Listen to your mother when she tells you not to pass on the peas at dinner. Peas have long been hailed as an excellent source of protein, often considered a hypoallergenic, vegan alternative to whey protein supplements (see Dr.Hrkals comparison of pea and whey protein here). New benefits of pea protein hydrosylates as antioxidants, and support for cardiovascular and renal health have come to light in the last few years. Clinical and preclinical research suggests that peptides from pea protein may have some blood pressure lowering effects. Preclinical studies in hypertensive rats found there was a significant reduction in systolic blood pressure after
Another Halloween is upon us and if you are like me, you are getting very “excited” for all that sugar. Unfortunately, it is another celebration, where sugar treats and exaggerated amount of carbohydrates exceed reasonable consumption. Let’s be honest, even adults can’t wait to celebrate those trick-or-treat activities in order to get their hands on those amazing sugar high treats. While enjoying the festivities, we need to be mindful of the fact that all this sugar may spell some doom by throwing off our sugar balance.
How does it work? Normally, the human body is very clever at converting excess glucose into metabolites that can be utilized by the body’s organs or excreted, when in excess. When blood glucose levels are higher than normal (higher than 8 mmol/L or 144 mg/dL), the pancreas produces insulin to convert the glucose molecules into usable by-products and when blood glucose levels are low, the body send us signals to consume or to produce sugars to sustain us. However, when glucose levels are higher than normal and the glucose doesn’t get metabolized, this can cause inflammation in the blood vessels and nerves. Ultimately, it could lead to increased risks for cardiovascular diseases, eye diseases and neuropathy.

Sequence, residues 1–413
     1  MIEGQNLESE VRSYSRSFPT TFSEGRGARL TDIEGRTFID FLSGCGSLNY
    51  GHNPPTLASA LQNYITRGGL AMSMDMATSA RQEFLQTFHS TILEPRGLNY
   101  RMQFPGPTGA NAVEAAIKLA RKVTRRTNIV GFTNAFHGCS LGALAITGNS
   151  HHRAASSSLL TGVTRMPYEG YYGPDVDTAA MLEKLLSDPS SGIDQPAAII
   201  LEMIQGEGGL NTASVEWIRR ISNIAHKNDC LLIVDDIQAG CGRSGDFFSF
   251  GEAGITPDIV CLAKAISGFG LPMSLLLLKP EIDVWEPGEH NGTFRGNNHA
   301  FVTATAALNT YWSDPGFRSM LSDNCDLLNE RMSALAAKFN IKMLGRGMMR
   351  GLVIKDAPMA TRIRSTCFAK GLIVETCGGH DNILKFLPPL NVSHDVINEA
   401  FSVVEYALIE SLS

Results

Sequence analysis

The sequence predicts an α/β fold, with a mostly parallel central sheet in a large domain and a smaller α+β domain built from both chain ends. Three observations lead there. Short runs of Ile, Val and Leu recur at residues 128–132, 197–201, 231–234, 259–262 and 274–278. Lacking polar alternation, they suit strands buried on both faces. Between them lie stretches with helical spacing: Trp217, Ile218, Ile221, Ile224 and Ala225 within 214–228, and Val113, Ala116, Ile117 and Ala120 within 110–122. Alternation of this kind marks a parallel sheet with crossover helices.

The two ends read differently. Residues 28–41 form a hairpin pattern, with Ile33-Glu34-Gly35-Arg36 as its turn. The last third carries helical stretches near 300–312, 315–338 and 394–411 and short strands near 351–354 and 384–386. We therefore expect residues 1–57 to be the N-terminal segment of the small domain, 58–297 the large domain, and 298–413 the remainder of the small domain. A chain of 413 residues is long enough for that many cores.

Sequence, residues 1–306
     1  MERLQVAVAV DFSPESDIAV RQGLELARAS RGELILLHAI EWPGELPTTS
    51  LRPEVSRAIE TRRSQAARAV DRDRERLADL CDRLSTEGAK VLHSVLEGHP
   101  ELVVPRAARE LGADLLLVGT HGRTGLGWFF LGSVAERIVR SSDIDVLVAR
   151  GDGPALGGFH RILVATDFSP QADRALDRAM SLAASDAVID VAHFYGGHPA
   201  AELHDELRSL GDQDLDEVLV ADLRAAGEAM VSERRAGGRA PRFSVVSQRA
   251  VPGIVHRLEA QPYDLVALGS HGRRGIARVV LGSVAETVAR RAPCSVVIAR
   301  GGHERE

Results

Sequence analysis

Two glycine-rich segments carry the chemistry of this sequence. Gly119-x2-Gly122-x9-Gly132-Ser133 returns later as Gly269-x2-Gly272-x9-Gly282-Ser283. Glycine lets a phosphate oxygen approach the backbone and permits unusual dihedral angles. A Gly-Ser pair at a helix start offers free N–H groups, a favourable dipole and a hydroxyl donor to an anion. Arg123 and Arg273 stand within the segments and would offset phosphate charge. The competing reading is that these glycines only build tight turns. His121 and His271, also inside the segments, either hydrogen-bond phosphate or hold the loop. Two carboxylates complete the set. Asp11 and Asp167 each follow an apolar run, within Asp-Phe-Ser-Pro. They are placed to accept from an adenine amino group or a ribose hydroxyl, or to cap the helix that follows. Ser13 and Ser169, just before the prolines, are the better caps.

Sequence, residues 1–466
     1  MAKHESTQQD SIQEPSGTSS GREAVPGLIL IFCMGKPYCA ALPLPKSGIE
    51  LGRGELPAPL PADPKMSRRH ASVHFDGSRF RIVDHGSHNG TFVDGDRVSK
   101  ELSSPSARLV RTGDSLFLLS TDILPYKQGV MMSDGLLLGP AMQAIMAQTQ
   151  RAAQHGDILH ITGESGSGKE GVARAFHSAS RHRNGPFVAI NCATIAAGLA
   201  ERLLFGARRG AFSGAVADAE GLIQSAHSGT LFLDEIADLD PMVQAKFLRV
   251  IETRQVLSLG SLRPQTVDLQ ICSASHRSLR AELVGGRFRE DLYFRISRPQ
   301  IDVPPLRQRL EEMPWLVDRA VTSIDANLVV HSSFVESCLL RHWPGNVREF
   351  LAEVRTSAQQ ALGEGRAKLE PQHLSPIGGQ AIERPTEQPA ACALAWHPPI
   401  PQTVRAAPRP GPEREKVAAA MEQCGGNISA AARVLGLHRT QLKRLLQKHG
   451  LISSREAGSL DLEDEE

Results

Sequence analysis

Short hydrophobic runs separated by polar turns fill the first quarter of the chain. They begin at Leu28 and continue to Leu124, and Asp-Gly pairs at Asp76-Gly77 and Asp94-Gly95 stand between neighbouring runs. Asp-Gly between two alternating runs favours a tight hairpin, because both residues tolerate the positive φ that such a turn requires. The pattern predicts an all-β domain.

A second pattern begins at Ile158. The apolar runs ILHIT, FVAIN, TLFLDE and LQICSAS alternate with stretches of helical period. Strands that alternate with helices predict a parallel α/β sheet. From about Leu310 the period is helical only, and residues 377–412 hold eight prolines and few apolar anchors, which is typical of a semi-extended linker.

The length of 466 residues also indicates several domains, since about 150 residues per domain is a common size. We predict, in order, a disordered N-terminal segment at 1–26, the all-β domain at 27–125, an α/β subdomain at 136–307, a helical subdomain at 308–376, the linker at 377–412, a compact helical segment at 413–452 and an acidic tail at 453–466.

It is important to be aware and understand the symptoms and impact of “hyperglycemia,” (elevated level of glucose) and “hypoglycemia,” (lower level of glucose) especially for people who are diabetic. Some symptoms of hypoglycemia (blood sugar levels lower than 3.9 mmol/L or 70.2 mg/dL) include: light-headedness, dizziness, anxiety, hunger, faster heart rate, the potential for seizures and possible loss of consciousness. On the other hand, some symptoms of hyperglycemia (blood sugar levels higher than 11 mmol/L or 198 mg/dL) include: increased hunger and thirst, frequent urination and extreme tiredness. Prolonged increase in blood sugar levels becomes a risk factor for other diseases, including heart-related and eye diseases.
These words all sound scary, especially to sugar lovers. However, there are many ways to ensure a healthy sugar balance while indulging in the goodness of sugars during special festivities.
- Monitor (things you check) your blood sugar levels, discuss it with your physician
- Manage (things to do) your sugar intake, by adjusting your meal plan and nutrition, based on informed decision
- Promote (things to prevent) a healthy sugar intake and healthy lifestyle by adjusting your physical activity levels and lifestyle management of stress.
Want to read more about blood sugar overload and prevention? Follow the link here.
Aucoin, M., & Bhardwaj, S. (2016). Generalized Anxiety Disorder and Hypoglycemia Symptoms Improved with Diet Modification. Case Reports in Psychiatry, 2016, 7165425. http://doi.org/10.1155/2016/7165425
Snell-Bergeon, J. K., & Wadwa, R. P. (2012). Hypoglycemia, Diabetes, and Cardiovascular Disease. Diabetes Technology & Therapeutics, 14(Suppl 1), S–51–S–58. http://doi.org/10.1089/dia.2012.0031
Dokken, B.D. (2008). The Pathophysiology of Cardiovascular Disease and Diabetes: Beyond Blood Pressure and Lipids. Diabetes Spectrum, 2008, 21(3): 160-165. https://doi.org/10.2337/diaspect.21.3.160
Nielson, C., Lange, T., & Hadjokas, N. (2006). Blood Glucose and Coronary Artery Disease in Nondiabetic Patients. Diabetes Care, 2006, 29(5): 998-1001.